The controversial startup Defense Distributed is in hot water and has made an appeal to the Bitcoin (BTC) and cryptocurrency communities.
[Note: This is a guest article submitted by Eric Yao]
Defense Distributed Appeals to Bitcoin Whales
The Texas nonprofit, headed by anarchist and activist Cody Wilson, is an organization that aims to distribute open source, downloadable 3D-printed weapons. After several attorneys general sued earlier this month, a Washington state federal judge temporarily blocked the release of ten blueprints ordered the website to be shut down. Cody Wilson is determined to fight back in court. On Thursday he made an appeal to cryptocurrency enthusiasts on Twitter, asking them to donate to Defense Distributed’s legal defense fund.
22% funded at https://t.co/ZEOYuTOs4a. Thank you for believing in this fight. Bitcoin whales, where are you?
— Cody R. Wilson (@Radomysisky) August 23, 2018
As of today, his defense fund has raised $109,000, 27 percent of its $400,000 goal. The fund accepts donations in US dollars, Bitcoin, and Bitcoin Cash (BCH). All BCH gifts will be matched 1 to 1 by Bitcoin.com. Both credit card and crypto donations are eligible for a federal tax deduction.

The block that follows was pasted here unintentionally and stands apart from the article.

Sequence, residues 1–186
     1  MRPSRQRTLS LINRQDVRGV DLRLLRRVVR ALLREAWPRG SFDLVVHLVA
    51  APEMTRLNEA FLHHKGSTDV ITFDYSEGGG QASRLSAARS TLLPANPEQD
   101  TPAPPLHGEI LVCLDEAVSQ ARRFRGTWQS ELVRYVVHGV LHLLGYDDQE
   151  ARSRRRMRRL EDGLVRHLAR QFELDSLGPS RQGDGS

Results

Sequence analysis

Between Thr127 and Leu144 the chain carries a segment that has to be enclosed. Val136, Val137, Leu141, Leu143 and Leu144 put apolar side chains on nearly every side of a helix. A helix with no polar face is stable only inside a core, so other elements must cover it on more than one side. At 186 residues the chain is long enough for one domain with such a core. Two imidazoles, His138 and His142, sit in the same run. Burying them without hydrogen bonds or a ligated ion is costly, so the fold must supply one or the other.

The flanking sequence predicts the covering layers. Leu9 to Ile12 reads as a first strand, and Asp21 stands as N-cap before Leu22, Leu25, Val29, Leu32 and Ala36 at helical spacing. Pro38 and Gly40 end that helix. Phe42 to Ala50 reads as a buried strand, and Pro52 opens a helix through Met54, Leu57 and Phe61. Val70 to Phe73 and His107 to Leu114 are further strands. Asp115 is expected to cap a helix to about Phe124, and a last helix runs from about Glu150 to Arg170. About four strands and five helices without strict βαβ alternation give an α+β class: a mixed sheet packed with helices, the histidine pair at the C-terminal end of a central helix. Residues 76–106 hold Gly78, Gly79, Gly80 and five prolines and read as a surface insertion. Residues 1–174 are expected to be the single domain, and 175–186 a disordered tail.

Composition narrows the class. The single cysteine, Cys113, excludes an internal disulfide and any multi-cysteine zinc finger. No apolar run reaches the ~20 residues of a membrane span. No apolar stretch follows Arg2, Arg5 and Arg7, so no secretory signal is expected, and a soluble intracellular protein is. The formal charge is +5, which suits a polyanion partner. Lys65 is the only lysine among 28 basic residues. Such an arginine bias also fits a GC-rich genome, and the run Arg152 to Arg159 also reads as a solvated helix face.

Free Speech Issue?
It is unclear whether Wilson expects Bitcoin whales to give generously or if the crypto appeal is working. Some Twitter users commented that they will not support the campaign due to its partnership with Bitcoin.com and Roger Ver.
Others asked why privacy coins like Monero (XMR) and Zcoin (XZC) are not accepted. One commenter asked why the company participates in legal defense when it could simply distribute blueprints on platforms like BitTorrent and OpenBazaar. Other commenters expressed support of the defense fund’s mission and pledged to donate.
The legal case is controversial because several attorneys general and state police forces have stated that untraceable, downloadable weapons will damage public safety and lead to more injuries, deaths, and chaos.
On the other hand, access to the blueprints can be a First Amendment and free speech issue. As the EFF has noted, digital files that can be used to create weapons are constitutionally protected from government censorship. Defense Distributed states that its mission is to allow everyone access to self-defense.
The issue is heating up, as Amazon has recently banned the sale of Defense Distributed blueprints on its website, citing a violation of content guidelines. As lawyers on both sides argue and the legal fight continues, cryptocurrency might end up playing a role regardless of the outcome because it shares with Defense Distributed a similar ethos of freedom.
Will Defense Distributed meet its fundraising goal thanks to cryptocurrency? Share your thoughts below!
Images courtesy Shutterstock, Twitter, youtube.com/channel/UC0uVZd8N7FfIZnPu0y7o95A